Today, Jayne works in acrylic, watercolour, pencil, pen and ink and pastels using whatever best suits her subject matter be it flora or fauna, big cat or new born chick. “Watercolour was a tricky technique to master as it is so unforgiving. With oil and acrylic you can over paint, but with watercolour it has to be perfect from the outset. I adore the subtlety and, of course, the detail that I can achieve with it,” said Jayne.

Always looking for something new to try, she has recently acquired a felting machine and is busily creating pictures with fibre and wool. “It’s a technique I am really enjoying experimenting with and I’ve been working on some miniatures, it’s really exciting.”

Look closely – very closely – at any Jayne Netley Mayhew painting and you will eventually find a ladybird hidden somewhere within the design. Jayne laughs: “It’s quite funny watching people look at my work as they usually This stunning tiger is created using felt, fibre and wool.peer at it very close up, and then say ‘Aha!’ and I know they’ve found the ladybird. Only then do they stand back and appreciate the painting properly.”

So it seems it’s all in the detail for Jayne’s fans, just as much as it is for her…

To find out more about Jayne and her work on her website.

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Rare breeds are a rare treat!

A lot of you will already know that I am a bit of an old softie when it comes to baby animals and fluffy things in general… so you can image how incredibly soppy I get when surrounded by a farm full of gorgeous creatures that I am allowed to stroke and pet!

Totnes Rare Breeds Farm is a really rather special place. It was founded by Jacquie and Barrie Tolley in 2001, who were concerned about the decline of traditional British breeds. A scythe, a digger, and a lot of hard work later, they’d built a rare breeds farm, which opened in June 2002. Since then, the farm has been expanded and is still being improved.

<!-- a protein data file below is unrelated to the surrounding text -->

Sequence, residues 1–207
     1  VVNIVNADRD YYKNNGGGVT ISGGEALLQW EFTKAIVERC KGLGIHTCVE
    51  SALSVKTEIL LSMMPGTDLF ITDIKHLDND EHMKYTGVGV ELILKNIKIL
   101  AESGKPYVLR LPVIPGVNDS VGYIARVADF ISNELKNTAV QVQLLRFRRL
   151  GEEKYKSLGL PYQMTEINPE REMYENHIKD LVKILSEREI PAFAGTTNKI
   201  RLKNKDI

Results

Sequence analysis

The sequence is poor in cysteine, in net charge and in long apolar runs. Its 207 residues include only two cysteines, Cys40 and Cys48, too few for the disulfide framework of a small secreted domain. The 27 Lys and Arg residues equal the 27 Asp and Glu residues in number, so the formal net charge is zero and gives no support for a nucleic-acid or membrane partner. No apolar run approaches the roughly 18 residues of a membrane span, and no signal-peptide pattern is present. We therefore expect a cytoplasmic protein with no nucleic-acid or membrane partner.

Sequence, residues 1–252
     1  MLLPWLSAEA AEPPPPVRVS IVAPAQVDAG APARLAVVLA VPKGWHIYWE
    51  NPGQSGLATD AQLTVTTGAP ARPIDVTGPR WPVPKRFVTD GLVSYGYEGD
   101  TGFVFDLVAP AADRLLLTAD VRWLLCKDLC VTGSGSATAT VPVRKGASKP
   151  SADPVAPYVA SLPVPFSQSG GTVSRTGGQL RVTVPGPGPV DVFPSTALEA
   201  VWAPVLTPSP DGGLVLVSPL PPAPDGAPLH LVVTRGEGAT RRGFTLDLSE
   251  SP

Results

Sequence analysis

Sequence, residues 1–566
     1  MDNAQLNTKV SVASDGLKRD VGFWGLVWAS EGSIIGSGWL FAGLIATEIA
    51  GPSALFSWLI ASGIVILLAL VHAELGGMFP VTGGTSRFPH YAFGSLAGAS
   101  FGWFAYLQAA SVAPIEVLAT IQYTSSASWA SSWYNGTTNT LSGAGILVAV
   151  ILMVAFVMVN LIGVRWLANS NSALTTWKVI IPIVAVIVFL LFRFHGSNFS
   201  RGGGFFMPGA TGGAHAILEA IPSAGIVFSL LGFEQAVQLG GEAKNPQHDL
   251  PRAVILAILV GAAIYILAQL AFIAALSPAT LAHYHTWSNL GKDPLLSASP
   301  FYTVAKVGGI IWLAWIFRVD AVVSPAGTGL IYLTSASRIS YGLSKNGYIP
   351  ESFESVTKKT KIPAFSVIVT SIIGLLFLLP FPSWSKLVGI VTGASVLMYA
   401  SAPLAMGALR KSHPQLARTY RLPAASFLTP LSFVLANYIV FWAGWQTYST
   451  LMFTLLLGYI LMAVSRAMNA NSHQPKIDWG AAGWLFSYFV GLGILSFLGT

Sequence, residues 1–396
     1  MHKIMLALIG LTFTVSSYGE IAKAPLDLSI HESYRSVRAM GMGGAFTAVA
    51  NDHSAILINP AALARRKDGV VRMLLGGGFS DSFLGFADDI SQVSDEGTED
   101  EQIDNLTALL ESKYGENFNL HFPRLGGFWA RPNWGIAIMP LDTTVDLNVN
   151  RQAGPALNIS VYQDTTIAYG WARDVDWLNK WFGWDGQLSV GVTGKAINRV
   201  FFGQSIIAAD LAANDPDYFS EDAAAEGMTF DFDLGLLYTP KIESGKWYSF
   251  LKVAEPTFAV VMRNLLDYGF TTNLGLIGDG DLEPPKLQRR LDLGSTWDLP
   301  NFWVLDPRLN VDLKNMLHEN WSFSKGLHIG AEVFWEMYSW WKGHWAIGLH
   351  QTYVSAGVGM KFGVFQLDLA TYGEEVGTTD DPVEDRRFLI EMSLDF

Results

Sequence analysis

What began as a collection of farmyard rare breeds has gradually grown. The smallest pygmy goats, and very inquisitive pigs! I am a big fan of pigs and can assure you, theirs are the sweetest!

You can also get close to the endangered wildlife of the English countryside, making this much more than just a petting farm. You can touch a hedgehog’s prickly spines or admire the gripping pads on a red squirrel’s foot.

Wizard the eagle owl – who is very large and actually a little bit scary – really seems to enjoy affection and he, and his eight feathered friends, can be seen up close and stroked. It’s amazing to be so close to these beautiful creatures and to be able to look right into their eyes.

What sets Totnes Rare Breeds apart is the opportunity it gives to really get close to the animals. The majority of pens can be entered, and almost all their inhabitants stroked, patted and cuddled. They will even give you a free pot of special food to take round to ensure you are the centre of attention!

The Farm is a non-profit-making organisation and relies on the work of volunteers and the support of its customers. You can sponsor the animals with all funds going towards vets’ bills.  And the final icing on the cake…? You can visit the Rare Breeds Farm in conjunction with the South Devon Steam Railway and there are joint ticket deals available. Heaven!